Decolonizing the Mind – Ngugi wa Thiong’o

May 4, 2012

Official languages in Africa Afrikaans Arabic ...

Official languages in Africa Afrikaans Arabic English French Portuguese Spanish Swahili other African languages (Photo credit: Wikipedia)

From the chapter The Language of African Literature:

[…] African languages refused to die. They would not simply go the way of Latin to become the fossils for linguistic archaeology to dig up, classify, and argue about the international conferences.

These languages, these national heritages of Africa, were kept alive by the peasantry. The peasantry saw no contradiction between speaking their own mother-tongues and belonging to a larger national or continental geography. They saw no necessary antagonistic contradiction between belonging to their immediate nationality, to their multinational state along the Berlin drawn boundaries, and to African as whole.  These people happily spoke Wolof, Hausa, Yoruba, Ibo, Arabic, Amharic, Kiswahili, Gikuyu, Luo, Luhya, Shona, Ndebele, Kimbundu, Zulu or Lingala without this fact tearing the multinational states apart. During the anti-colonial struggle they showed an unlimited capacity to unite around whatever leader or party best and most consistently articulated an anti-imperialist position. If anything it was the petty-bourgeoisie, particularly the compradors, with their French and English and Portuguese, with their petty rivalries, their ethnic chauvinism, which encouraged these vertical divisions to the point of war at times. No, the peasantry had no complexes about their languages and the cultures they carried!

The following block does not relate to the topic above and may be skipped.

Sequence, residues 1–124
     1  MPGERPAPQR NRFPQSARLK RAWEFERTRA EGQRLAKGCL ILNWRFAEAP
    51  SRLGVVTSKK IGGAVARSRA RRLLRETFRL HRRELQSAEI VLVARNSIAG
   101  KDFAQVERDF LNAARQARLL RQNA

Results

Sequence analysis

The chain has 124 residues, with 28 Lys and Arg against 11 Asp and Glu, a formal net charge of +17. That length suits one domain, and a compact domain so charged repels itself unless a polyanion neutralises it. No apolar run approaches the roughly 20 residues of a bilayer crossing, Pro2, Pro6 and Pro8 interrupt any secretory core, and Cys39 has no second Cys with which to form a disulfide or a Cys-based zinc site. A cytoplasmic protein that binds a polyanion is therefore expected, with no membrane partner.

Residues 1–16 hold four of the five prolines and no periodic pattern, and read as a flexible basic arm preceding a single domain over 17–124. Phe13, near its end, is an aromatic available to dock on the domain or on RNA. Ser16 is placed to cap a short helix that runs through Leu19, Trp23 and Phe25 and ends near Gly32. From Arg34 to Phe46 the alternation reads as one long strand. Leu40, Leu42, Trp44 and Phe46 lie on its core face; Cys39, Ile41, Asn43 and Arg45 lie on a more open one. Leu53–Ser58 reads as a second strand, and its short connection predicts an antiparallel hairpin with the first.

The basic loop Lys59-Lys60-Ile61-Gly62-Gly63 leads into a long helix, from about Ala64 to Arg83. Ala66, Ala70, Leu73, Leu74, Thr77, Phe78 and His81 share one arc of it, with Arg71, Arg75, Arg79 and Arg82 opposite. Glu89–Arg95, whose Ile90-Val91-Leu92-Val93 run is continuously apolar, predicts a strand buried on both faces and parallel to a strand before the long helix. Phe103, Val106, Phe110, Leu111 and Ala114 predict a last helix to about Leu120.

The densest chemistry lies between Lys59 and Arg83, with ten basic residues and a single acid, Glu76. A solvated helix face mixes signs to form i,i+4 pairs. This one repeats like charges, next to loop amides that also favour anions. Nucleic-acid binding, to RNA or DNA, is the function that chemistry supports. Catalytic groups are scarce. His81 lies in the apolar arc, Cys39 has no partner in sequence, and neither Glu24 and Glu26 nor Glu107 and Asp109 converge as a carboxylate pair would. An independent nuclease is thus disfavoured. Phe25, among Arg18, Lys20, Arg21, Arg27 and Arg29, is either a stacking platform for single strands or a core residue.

In fact when the peasantry and the working class were compelled by necessity or history to adopt the language of the master, they Africanised it without any of the respect for its ancestry shown by Senghor and Achebe, so totally as to have created new African languages, like Krio in Sierra Leone or Pidgin in Nigeria that owed their identities to the syntax and rhythms of African languages. All these languages were kept alive in the daily speech, in the ceremonies, in political struggles, above all in the rich store of orature – proverbs, stories, poems and riddles.

3 Responses to “Decolonizing the Mind – Ngugi wa Thiong’o”

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